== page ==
January 24, 2002: Elie HobeikaHobeika was a fomer Christian Lebanese Forces commander and a parliamentarian with a pro-Syrian bent at the time of his assassination. However, he had been identified by Israel as playing a leading role in the 1982 massacre of Palestinians in two Lebanese refugee camps, during Israel's Lebanese invasion. Hoebeika's agreement in 2002 to speak at a trial Palestinians were bringing against Israel for the massacre gave rise to speculation he may have been assassinated by Israel.
May 20, 2002: Mohammed Jihad JibrilJibril was the head of of the Popular Front for the Liberation of Palestine-General Command (PFLP-GC) in Lebanon was killed by a car bomb. Israel was thought to be behind the explosion, but denied any responsibility
August 2, 2003: Ali Hussein SalahSalah was a Hezballah member and driver working for the Iranian embassy, when he was killed. According to Zvi Bar'el, a journalist for Israeli newspaper, Ha'aretz, the object of attack was a senior Hezballah member who was supposed to be in the car at the time, but was not.
July 19, 2004: Ghaleb AwaliHezballah member Awali was killed by a bomb exploded outside his home in Beirut. In Hezballah head Hassan Nasrallah's eulogy he praised Awali as a "martyr of Palestine," making it clear that Awali had worked on behalf of activities or operations by Palestinian groups. A Sunni group, Jund al Sham (Soldiers of greater Syria), claimed responsibility for the assassination, but Hezballah pointed the finger at Israel.
February 14, 2005: Rafiq HaririThe Sunni anti-Syrian former prime minister was killed by a massive car bomb that killed about 15 other people. The most prominent suspect in the murder has been Syria but it has also been argued that Syria had little to benefit from provoking anti-Syrian sentiment. A U.N. tribunal was scheduled in 2006 to investigate Syria's potential role in the assassination.
June 2, 2005: Samir QassirHawi, a longtime leader of the Lebanese Communist party and lifelong activist on behalf of Lebanese autonomy and the Palestinian cause, was killed along with his driver by a bomb placed under his car. He was opposed to Syrian interference in Lebanese affairs, but also well known for his thoughtful and dialogic approach to political issues.
December 12, 2005: Gibran TueniTueni was the publisher of Lebanese daily newspaper an-Nahar and a member of Parliament when he was killed by a car bomb in 2005. He was well-known for his 2000 "Open Letter" to Syrian president Bashar al-Assad, in which he criticized Syrian interference.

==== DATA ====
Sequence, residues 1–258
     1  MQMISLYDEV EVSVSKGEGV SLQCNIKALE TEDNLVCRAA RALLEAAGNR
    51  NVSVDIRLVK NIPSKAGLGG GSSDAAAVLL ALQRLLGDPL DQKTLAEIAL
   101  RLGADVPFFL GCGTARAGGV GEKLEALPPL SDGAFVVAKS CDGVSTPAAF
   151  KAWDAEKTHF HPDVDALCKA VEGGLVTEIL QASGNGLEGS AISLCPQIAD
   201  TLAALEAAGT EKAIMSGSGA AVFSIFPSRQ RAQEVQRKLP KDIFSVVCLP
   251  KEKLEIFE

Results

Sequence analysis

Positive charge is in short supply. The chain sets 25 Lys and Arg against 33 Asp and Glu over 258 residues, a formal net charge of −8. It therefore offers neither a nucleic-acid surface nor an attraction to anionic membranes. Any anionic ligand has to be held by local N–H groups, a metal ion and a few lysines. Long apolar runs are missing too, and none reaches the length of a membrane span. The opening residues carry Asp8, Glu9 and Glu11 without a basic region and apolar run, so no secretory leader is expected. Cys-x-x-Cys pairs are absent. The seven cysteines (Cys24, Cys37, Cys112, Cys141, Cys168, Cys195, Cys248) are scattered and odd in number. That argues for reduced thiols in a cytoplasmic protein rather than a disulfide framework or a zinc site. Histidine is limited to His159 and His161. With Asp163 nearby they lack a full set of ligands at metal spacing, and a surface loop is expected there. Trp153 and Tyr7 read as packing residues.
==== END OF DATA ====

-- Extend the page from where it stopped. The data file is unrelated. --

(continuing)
May 26, 2006: Mahmud MajzoubMajzoub, the leader of Islamic Jihad in Lebanon, was assassinated along with his brother, Nidal, by a car bomb. Majzoub was also known as Abu Hamza. Lebanese authorities accused the Israeli Mossad of the attack.
November 21, 2006: Pierre GemayelMaronite Christian parliamentarian Gemayel was stopped in his car and shot at close range by several gunmen. His murder took place in the midst of a standoff between lawmakers calling for the UN tribunal to investigate Hariri's assassination and Syrian-allied members, led by Hezballah, seeking to block it. March 14 bloc party members accused Syria of the assassination.
June 13, 2007: Walid EidoAnti-Syrian parliamentarian Eido was killed when his booby trapped car exploded. The blast also killed his son, two bodyguards and six others.
September 19, 2007: Antoine GhanemGhanem was an MP affiliated with the Christian Phalange party associated with the March 14 bloc—a collection of parties united by their opposition to Syrian involvement in Syria. His assassination came a few days before parliament was set to begin deciding a new president, and his assassination, on the heels of those of other anti-Syrian MPs, was seen by many as an effort to affect the election in favor of the incumbent pro-Syrian president's bloc.
January 25, 2008: Wissam EidA car bomb killed Eid, a police investigator working to collect evidence to explain Hariri's and others' assassinations.
Read more: Questions over Lebanese Assassination Abound